Almost 200,000 lions roamed Africa one century ago, but recent studies show that the species is extinct in 26 countries across the continent and occupies a fraction of its historical rangeland. With lion populations plummeting by a staggering 43 percent in just the last two decades, the King of the Jungle is now a vulnerable species on the IUCN Red List.
Despite a unanimous vote granting all eight species of the African and Asian pangolin the highest possible protection against illegal trading in late 2016, this scaly animal still bears the unfortunate record as the world’s most illegally trafficked mammal.
In April 2017, a court ruling in South Africa overturned the government’s 2009 moratorium on domestic rhino horn trade and passed legislation permitting sales within the country. If leaders of other governments fail to communicate where they stand on rhino conservation, this legislation could prove disastrous for Africa’s already dwindling rhino population.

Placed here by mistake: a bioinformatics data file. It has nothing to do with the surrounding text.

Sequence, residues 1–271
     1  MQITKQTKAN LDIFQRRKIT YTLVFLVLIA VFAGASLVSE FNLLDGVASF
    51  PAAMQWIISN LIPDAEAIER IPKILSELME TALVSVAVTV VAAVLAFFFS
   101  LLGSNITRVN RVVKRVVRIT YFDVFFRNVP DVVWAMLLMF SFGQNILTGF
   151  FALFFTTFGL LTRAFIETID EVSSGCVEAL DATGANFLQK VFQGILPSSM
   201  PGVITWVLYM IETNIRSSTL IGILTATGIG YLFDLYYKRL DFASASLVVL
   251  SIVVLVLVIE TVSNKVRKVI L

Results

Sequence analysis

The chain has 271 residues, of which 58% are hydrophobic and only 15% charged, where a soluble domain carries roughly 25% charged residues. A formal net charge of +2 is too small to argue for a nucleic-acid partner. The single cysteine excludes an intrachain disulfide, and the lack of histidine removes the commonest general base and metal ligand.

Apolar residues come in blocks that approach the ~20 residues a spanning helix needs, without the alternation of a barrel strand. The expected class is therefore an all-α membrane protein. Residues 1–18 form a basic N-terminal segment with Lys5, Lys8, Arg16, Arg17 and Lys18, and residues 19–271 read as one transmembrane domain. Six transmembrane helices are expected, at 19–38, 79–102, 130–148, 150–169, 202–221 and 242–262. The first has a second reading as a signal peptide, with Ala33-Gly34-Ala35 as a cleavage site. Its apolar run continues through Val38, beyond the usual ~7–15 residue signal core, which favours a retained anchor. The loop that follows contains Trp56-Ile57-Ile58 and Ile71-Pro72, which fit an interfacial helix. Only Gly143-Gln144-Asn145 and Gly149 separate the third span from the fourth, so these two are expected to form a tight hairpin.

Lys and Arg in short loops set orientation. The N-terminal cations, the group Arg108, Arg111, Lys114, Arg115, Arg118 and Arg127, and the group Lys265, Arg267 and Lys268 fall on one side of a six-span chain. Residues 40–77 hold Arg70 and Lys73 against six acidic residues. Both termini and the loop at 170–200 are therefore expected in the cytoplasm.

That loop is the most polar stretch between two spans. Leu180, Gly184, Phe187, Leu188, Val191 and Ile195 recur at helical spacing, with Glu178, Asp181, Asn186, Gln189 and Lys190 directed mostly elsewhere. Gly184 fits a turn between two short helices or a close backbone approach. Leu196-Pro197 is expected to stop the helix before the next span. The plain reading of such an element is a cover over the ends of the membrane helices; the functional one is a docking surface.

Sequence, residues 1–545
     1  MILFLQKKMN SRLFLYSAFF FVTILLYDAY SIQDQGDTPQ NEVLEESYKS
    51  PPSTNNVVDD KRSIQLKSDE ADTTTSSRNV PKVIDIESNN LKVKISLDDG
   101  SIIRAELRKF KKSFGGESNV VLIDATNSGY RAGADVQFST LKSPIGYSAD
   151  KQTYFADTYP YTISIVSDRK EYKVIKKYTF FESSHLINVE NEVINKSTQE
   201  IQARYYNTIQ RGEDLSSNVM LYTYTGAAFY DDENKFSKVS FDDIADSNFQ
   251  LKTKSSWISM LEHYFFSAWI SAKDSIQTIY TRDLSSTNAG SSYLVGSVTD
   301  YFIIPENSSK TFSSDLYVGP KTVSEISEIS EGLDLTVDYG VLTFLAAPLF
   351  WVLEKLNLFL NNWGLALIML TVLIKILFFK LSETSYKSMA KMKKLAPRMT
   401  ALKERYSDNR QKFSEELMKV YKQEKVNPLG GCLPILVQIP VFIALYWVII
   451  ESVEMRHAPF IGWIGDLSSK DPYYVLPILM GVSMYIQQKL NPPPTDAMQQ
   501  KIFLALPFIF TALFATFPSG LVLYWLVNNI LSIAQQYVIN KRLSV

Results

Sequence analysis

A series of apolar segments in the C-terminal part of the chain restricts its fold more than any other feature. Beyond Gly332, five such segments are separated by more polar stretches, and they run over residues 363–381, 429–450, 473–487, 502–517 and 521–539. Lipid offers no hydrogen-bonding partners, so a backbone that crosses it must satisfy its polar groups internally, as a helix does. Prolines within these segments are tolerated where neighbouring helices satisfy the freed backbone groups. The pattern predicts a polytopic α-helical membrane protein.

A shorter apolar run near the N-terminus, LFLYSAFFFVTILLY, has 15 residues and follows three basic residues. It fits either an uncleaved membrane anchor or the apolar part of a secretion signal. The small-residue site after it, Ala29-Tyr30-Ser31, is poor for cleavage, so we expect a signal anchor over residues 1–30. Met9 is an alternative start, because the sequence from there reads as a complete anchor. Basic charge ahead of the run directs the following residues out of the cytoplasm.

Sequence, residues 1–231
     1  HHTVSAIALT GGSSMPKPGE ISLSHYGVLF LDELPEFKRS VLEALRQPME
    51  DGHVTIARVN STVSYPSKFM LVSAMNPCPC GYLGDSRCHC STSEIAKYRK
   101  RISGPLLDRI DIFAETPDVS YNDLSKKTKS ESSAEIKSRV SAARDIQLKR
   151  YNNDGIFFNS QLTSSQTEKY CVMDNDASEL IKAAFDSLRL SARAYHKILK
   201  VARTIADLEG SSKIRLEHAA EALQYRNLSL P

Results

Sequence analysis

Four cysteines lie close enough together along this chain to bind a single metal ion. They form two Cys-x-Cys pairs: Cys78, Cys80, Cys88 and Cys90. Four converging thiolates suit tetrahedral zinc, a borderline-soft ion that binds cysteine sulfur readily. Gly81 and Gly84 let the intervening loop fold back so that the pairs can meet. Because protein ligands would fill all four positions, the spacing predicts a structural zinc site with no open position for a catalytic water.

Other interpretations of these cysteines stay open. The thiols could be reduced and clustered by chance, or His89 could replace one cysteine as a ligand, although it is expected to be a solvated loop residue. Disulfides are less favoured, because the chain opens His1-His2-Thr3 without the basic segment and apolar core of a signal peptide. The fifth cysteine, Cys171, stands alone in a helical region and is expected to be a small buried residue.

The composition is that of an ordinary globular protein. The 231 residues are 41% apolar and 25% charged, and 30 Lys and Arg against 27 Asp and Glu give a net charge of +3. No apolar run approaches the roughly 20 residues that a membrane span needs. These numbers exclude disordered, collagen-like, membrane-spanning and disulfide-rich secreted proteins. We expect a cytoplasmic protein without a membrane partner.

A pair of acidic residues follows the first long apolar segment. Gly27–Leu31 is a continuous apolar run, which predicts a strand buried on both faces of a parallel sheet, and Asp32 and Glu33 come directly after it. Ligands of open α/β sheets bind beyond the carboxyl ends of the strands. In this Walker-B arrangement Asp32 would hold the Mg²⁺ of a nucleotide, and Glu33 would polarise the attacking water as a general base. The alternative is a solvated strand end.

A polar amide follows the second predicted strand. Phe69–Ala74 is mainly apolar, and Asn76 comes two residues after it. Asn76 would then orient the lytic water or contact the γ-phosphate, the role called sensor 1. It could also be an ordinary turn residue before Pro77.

Exactly three months before the UN Conference on Sustainable Development (more commonly referred to as Rio+20 because it will be held in Rio de Janeiro, Brazil), the sixth World Water Forum (6th WWF or the Forum) took place last week in Marseille, France.